The world’s largest airliner has returned to Scotland on Sunday for the first time since September 2019.
Thousands of people used aircraft tracking sites to follow the A380 as it made its journey to Glasgow.
Emirates said it was reintroducing the Airbus for flights between the city and Dubai due to increased demand.
The double-decker aircraft towers at over 24 metres high, with a wingspan of nearly 80 metres, has four jet engines and can carry 517 passengers.
Glasgow Airport made special arrangements to help people eager to catch a glimpse of the plane’s arrival.
The flight landed at the airport on schedule at 12.45pm. Renfrewshire Chamber of Commerce welcomed the plane’s arrival and praised the work of the those made it possible.
Natalie Don MSP and Gavin Newlands MP welcomes the A380 which was piloted by a local constituent who “brought it in with a silky smooth landing”.
Arrangements had been made for the public who were keen “to join in the celebrations”.
Glasgow Airport operations director Ronald Leitch said the airline’s Glasgow-Dubai route “continues to be a tremendous success story for Scotland”, and the reintroduction of an A380 is “a huge vote of confidence for Glasgow and the wider region”.
Glasgow Airport said it had workedclosely with Police Scotland to make arrangements to minimise congestion on both its internal road network and those surrounding.
Six hours of free parking was made available at the Long Stay Car Park with the airport urging everyone wanting to watch the aircraft arrive and depart to gather there.
Walking routes along pavements to the west and east of the airport were highlighted in advance.
Parking is prohibited on any of the roads surrounding the airport, including Abbotsinch Road, Walkinshaw Road and Barnsford Road with drivers warned that no vehicles were to be left within 3m of the facility’s perimeter fence.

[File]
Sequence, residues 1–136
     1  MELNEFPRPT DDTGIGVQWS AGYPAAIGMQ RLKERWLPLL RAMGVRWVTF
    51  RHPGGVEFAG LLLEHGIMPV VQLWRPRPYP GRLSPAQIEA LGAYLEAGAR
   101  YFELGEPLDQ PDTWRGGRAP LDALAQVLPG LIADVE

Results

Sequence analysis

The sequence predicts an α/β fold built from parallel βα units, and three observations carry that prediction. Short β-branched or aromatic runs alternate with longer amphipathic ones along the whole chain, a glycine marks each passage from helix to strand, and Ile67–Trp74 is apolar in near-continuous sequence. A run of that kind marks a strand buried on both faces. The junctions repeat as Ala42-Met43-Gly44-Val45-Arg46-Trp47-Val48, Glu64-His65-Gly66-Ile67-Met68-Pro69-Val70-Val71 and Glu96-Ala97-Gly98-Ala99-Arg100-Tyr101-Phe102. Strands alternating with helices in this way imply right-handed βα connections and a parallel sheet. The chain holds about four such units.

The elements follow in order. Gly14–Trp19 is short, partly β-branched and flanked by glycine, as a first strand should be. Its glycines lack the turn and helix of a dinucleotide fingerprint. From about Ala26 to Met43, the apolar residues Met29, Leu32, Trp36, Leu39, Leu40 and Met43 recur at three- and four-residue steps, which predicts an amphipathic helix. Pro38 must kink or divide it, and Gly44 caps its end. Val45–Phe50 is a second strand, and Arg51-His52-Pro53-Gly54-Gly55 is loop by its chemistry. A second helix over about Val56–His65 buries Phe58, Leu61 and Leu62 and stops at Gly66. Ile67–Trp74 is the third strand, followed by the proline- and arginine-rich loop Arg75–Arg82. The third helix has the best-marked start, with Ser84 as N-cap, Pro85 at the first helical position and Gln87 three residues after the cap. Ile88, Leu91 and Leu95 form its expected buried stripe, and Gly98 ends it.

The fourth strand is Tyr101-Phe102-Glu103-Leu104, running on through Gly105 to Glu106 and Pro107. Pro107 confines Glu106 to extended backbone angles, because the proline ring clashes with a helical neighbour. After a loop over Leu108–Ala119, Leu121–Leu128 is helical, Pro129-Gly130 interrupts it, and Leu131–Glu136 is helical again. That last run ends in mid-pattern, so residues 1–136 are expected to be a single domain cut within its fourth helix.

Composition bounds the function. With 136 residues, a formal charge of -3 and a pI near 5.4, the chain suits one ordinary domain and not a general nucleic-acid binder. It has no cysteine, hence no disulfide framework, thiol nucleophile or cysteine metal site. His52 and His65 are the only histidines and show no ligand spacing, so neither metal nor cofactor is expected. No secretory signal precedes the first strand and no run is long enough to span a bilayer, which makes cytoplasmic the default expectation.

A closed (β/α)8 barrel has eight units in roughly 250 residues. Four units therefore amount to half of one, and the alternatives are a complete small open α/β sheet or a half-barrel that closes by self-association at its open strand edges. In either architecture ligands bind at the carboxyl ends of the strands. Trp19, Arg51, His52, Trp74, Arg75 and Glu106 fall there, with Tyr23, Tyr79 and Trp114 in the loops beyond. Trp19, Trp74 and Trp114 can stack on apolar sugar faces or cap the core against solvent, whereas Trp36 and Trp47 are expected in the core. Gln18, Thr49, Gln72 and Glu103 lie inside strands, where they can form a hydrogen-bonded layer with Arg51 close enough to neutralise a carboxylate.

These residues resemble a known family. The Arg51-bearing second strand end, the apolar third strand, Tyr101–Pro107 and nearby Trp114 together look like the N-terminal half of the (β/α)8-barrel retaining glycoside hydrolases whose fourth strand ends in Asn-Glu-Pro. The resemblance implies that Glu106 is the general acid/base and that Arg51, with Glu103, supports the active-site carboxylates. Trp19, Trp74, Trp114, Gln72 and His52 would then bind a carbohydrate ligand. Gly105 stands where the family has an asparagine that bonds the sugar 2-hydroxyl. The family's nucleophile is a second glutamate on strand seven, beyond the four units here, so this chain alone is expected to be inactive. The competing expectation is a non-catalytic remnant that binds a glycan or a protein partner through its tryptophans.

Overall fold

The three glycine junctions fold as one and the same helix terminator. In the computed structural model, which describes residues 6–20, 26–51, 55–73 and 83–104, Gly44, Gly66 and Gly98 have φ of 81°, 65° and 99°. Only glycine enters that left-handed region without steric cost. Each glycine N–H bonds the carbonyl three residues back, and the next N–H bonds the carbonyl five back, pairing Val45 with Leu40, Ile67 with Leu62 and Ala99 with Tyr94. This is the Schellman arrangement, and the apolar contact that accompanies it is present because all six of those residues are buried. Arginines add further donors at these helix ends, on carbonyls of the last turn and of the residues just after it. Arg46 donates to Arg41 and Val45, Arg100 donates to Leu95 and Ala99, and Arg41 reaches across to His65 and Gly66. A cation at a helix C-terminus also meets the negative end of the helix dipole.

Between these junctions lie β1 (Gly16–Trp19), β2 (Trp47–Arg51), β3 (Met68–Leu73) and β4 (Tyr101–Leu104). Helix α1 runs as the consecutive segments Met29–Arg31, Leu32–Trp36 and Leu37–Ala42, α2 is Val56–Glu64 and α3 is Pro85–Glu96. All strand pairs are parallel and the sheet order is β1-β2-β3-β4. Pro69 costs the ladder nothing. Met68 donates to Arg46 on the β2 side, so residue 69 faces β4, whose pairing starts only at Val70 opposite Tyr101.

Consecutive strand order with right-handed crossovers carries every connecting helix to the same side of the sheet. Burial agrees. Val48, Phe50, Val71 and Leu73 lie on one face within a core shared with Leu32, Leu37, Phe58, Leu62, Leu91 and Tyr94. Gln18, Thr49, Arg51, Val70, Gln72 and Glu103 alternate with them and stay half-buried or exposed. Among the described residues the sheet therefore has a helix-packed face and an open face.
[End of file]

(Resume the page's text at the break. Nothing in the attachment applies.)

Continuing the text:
Police Scotland and airport security have been enforcing parking restrictions throughout the day.
Emirates previously ran Glasgow-Dubai flights using Boeing 777s, which have 302 seats for passengers.
The airline’s UK divisional vice president, Richard Jewsbury, said: “The return of the A380 is purely demand driven. We’ve seen sustained demand from the Scottish market.
“Dubai is the number one destination but we’re seeing really good flows down to Australia, Thailand, the Indian subcontinent – which is very popular particularly for VFR (visiting friends and relatives) traffic – and the Indian Ocean.
“It’s about growing the capacity back.
“As we go into the summer period we’re expecting more visitors and inbound traffic from around the network.”
The vast majority of A380s around the world were put into storage at the height of the coronavirus pandemic, fuelling speculation they would never return due to the existence of more fuel-efficient aircraft.
But their ability to carry more passengers than all other commercial planes means the model is making a recovery.
Mr Jewsbury claimed the suggestion that A380s could be permanently grounded was “always ridiculous”.
He said: “I think the A380 always has been and will continue to be in high demand.
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